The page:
What should be a celebration of the amount of faces of color we’ve been able to experience on prime time TV has turned into a whine session on Deadline about Black actors in lead roles of shows that are killing the ratings game right now, as if we don’t deserve the roles in the first place. Pilots 2015: The Year Of Ethnic Castings – About Time Or Too Much Of Good Thing?, had writer Nellie Andreeva under fire by most of social media for an article that seemed to suggest Black actors were taking roles from white ones.
Shonda Rhimes wasn’t feeling the article, along with most of the interwebs. She tweeted:
Ethnic casting? Ethnic. Good thing Andreeva defined what she mean by that loaded word: “a casting term used for non-Caucasian thesps.” The flaw in this explanation is that white actors stand alone as “Caucasian,” as every other actor of color is grouped into the convenient label of “ethnic.”
It looks like Andreeva’s agent friends have been complaining to her about not being able to get roles for their white talent and she took those complaints and formed this opinion, veiling her knowledge with lists of TV shows that now have diverse talent in them, of which she expertly throws shade.
Andreeva was off to a good start when she said:
“A lot of what is happening right now is long overdue. The TV and film superhero ranks have been overly White for too long, workplace shows should be diverse to reflect workplace in real America, and ethnic actors should get a chance to play more than the proverbial best friend or boss.”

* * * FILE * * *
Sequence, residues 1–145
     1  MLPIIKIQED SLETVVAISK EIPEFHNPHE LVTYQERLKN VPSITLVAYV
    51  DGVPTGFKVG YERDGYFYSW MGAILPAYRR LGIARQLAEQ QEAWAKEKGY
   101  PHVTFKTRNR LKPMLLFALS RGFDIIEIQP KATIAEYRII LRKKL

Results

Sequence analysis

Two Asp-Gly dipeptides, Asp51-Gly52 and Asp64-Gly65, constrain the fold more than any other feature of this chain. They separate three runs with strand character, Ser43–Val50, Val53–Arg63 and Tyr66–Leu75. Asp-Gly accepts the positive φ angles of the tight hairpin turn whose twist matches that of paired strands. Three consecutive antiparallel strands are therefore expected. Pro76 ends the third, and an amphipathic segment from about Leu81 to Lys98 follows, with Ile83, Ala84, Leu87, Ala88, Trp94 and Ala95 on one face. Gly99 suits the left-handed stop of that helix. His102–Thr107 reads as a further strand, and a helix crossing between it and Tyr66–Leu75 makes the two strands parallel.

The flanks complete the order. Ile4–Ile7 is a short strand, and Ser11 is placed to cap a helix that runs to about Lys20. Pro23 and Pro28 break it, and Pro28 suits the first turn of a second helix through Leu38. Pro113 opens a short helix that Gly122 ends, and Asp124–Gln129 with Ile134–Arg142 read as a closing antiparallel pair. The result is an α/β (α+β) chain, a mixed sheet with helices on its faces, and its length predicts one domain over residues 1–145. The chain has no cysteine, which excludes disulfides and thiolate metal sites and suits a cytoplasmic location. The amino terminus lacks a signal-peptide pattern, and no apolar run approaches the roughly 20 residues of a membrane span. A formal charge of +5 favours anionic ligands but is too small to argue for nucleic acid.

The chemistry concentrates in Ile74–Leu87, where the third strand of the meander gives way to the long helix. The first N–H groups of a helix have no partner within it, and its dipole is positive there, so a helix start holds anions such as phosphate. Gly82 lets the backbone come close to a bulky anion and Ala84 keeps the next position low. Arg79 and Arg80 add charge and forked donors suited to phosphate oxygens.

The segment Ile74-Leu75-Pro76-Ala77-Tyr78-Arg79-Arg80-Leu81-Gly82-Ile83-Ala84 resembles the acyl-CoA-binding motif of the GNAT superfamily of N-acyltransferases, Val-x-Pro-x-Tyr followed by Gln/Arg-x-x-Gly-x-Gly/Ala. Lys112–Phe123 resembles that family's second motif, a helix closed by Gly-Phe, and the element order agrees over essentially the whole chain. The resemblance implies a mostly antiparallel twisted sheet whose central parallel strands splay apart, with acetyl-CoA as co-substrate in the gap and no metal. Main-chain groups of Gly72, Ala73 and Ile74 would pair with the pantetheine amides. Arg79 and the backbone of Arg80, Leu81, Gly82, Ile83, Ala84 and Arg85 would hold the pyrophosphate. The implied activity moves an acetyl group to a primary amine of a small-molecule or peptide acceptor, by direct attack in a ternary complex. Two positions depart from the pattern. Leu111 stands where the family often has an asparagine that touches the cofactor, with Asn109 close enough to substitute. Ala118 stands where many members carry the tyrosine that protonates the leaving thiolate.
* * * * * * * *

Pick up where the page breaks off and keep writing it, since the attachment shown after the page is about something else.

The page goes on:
Thank you Andreeva, we do deserve leading roles! But then, she revealed her true feeling behind this article:
“But replacing one set of rigid rules with another by imposing a quota of ethnic talent on each show might not be the answer.
But, as is the case with any sea change, the pendulum might have swung a bit too far in the opposite direction. Instead of opening the field for actors of any race to compete for any role in a color-blind manner, there has been a significant number of parts designated as ethnic this year, making them off-limits for Caucasian actors, some agents signal.
Many pilot characters this year were listed as open to all ethnicities, but when reps would call to inquire about an actor submission, they frequently have been told that only non-Caucasian actors would be considered.”
How sad! Black actors are finally able to get their beyond the threshold of the doorway and have made it to prime time shows, but we’ve only done so because we’re unfairly taking these roles from White actors?
Prime time shows like “Scandal” and “How To Get Away With Murder” truly set the tone for leading Black actresses with a diverse supporting cast. Viola Davis‘ role in “HTGAWM” wasn’t originally for a Black woman, but Shonda Rhimes knew that she would be perfect for the role.
Davis told Essence, “I think women want to see themselves on TV. I really do. I think we’re in the 21st century, I think we have to woman up. I think a lot of women have womaned up and we want to see ourselves and it feels great. And Shonda Rhimes, too, is the one who is fearless with it. You see it with Chandra Wilson, with Sandra Oh, Kerry Washington. She does it. She walks the walk.”